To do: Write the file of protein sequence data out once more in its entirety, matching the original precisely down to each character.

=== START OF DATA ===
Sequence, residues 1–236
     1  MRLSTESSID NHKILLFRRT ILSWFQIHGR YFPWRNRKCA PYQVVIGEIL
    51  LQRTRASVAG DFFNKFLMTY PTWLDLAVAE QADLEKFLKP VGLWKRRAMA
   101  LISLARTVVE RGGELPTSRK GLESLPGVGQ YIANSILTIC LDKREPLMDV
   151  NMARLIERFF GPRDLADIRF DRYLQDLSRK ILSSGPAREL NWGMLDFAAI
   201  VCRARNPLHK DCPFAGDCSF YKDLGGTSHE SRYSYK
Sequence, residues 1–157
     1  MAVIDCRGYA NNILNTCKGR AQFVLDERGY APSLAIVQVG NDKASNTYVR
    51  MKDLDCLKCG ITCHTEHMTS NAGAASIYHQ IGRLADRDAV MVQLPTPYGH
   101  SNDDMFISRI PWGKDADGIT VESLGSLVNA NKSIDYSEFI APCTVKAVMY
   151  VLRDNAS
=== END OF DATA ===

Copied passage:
Sequence, residues 1–236
     1  MRLSTESSID NHKILLFRRT ILSWFQIHGR YFPWRNRKCA PYQVVIGEIL
    51  LQRTRASVAG DFFNKFLMTY PTWLDLAVAE QADLEKFLKP VGLWKRRAMA
   101  LISLARTVVE RGGELPTSRK GLESLPGVGQ YIANSILTIC LDKREPLMDV
   151  NMARLIERFF GPRDLADIRF DRYLQDLSRK ILSSGPAREL NWGMLDFAAI
   201  VCRARNPLHK DCPFAGDCSF YKDLGGTSHE SRYSYK
Sequence, residues 1–157
     1  MAVIDCRGYA NNILNTCKGR AQFVLDERGY APSLAIVQVG NDKASNTYVR
    51  MKDLDCLKCG ITCHTEHMTS NAGAASIYHQ IGRLADRDAV MVQLPTPYGH
   101  SNDDMFISRI PWGKDADGIT VESLGSLVNA NKSIDYSEFI APCTVKAVMY
   151  VLRDNAS